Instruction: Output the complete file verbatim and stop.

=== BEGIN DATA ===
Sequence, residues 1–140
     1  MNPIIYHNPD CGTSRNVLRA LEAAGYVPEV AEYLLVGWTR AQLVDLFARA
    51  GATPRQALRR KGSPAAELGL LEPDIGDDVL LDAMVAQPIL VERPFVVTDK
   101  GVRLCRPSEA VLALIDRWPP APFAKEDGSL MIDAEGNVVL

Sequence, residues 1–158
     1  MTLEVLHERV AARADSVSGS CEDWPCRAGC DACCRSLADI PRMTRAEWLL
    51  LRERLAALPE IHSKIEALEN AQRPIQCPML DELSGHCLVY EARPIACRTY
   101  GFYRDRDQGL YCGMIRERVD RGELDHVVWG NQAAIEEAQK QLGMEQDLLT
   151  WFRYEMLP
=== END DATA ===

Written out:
Sequence, residues 1–140
     1  MNPIIYHNPD CGTSRNVLRA LEAAGYVPEV AEYLLVGWTR AQLVDLFARA
    51  GATPRQALRR KGSPAAELGL LEPDIGDDVL LDAMVAQPIL VERPFVVTDK
   101  GVRLCRPSEA VLALIDRWPP APFAKEDGSL MIDAEGNVVL

Sequence, residues 1–158
     1  MTLEVLHERV AARADSVSGS CEDWPCRAGC DACCRSLADI PRMTRAEWLL
    51  LRERLAALPE IHSKIEALEN AQRPIQCPML DELSGHCLVY EARPIACRTY
   101  GFYRDRDQGL YCGMIRERVD RGELDHVVWG NQAAIEEAQK QLGMEQDLLT
   151  WFRYEMLP